This is the opposite of using an API, where the developer’s code makes the invocations to the API code. Hence, frameworks invert the control: it is not the developer code that is in charge, instead the framework makes the calls based on some stimulus.

You have probably been in situations where you have developed under the light of this principle, even though you were not aware of it.

Inversion of Control Container

An Inversion of Control Container uses the principle stated above to (in a nutshell) manage classes. That is, their creation, destruction, lifetime, configuration, and dependencies. This way classes do not need to obtain and configure the classes they depend on. This dramatically reduces coupling in a system and, as a consequence, simplifies reuse and testability.

There is some confusion created by people that think that ‘Inversion of Control’ is a synonym for ‘Inversion of Control Container’. As stated, Inversion of control is a broader principle.

Example using Castle Windsor

Start with creating a new empty project and add a reference to Castle Windsor using the NuGet package manager.

Castle Windsor

Installing Castle Windsor from NuGet Package Manager

For this example I am using a simple Console Application. But Castle Windsor can be used in any C# application. I start with an empty application:

Furthermore I created a component with some dependencies:

What I like to do now is create a new instance of the component Rowan with the help of Castle Windsor.

  1. First create a Castle Windsor container. The preferred location for initiating Castle Windsor is in the entry project. Meaning put it in case of an MVC project in global.asax.cs (Application_Start) and in case of an application in your Program.Main.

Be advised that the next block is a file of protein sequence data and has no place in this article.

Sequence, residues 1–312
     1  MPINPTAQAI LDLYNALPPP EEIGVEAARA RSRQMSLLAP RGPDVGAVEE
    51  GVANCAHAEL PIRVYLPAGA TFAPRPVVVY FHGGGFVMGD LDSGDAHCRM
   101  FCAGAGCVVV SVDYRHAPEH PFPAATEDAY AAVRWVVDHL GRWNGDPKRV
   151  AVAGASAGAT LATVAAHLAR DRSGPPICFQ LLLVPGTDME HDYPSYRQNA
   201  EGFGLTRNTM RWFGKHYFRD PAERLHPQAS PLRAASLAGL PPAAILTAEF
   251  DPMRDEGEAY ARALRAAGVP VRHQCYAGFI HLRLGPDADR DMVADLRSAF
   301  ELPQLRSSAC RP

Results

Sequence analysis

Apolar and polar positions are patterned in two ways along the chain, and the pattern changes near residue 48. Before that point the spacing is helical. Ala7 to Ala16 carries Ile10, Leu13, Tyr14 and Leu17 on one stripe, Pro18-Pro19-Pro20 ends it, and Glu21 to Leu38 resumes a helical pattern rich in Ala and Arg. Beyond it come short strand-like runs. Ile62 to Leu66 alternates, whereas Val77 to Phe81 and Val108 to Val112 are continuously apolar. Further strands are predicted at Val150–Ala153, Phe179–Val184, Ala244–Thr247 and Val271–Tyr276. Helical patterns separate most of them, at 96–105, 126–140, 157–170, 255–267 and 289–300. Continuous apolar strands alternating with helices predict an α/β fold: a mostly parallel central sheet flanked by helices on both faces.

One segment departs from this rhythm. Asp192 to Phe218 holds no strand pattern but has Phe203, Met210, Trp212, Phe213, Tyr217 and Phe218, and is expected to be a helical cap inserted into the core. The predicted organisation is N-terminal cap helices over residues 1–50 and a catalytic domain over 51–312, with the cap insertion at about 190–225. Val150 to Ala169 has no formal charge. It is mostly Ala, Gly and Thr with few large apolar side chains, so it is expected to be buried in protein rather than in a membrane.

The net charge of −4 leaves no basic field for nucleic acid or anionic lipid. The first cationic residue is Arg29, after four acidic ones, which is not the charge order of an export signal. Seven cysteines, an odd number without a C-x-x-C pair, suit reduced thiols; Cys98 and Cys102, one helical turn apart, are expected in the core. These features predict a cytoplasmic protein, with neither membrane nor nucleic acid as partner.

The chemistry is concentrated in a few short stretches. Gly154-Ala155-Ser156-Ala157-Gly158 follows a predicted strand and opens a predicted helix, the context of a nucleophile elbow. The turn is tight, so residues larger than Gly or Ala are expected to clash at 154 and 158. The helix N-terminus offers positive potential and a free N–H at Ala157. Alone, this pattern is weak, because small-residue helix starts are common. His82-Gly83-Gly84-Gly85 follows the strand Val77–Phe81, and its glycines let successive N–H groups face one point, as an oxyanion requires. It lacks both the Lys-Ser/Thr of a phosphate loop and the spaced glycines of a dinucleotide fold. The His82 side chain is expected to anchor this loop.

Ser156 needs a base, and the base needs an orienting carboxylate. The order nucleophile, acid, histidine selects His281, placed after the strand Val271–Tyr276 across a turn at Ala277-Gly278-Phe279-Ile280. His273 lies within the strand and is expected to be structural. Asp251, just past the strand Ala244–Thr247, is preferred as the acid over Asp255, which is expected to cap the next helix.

2. Now add an installer. Castle Windsor can automatically find installers in your project when the installer implements the IWindsorInstaller interface. If you want Castle Windsor to run all installers in your assembly use:
  3. Somewhere in your application define a installer. An installer registers classes with Castle Windsor so that Windsor can resolve them later. An example of an installer:

    Notice the pick() which is very important because otherwise nothing will be registred. In this example we register every class with all interfaces . You can also be very specific like this:

    In the above code we only register class Rowan and we are very specific to which class should be used when asked for an interface IDependency.
    Normally you only register root components. All other components are automatically resolved when you initiate the root component. In MVC such root components are for example the controllers. So an example of a installer for an MVC project could be:
  4.  Now you are ready to use all your classes without having to worry about their dependencies. To use the class Rowan which depends on the dependencies IDependency1 and IDependency2 you use Castle Windsor Resolve method:
  5. Last dont forget to dispose of all your objects by calling container.Dispose(). Put this in your Application_End for example.


These are just the very basics of Castle Windsor. The framework is very powerfull and has many configuration options. Just remember that Castle Windsor is using the Three Calls Pattern (RRR) and that everything is based on Registering, Resolving and then Releasing.

TIP! Read the Basic Windsor Tutorial if you are planning on using Castle Windsor. Its really good and explains a lot like how to use Castle Windsor in MVC projects and how to replace your DefaultControllerFactory in your MVC with WindsorControllerFactory.

More information


  1. Hi,

    This post is really useful to understand and implement the basics of IoC -> Di as well could you help me to implement the same using the config files, ie bringing the name(id), service(interface), type (classes) in the app.config or web.config.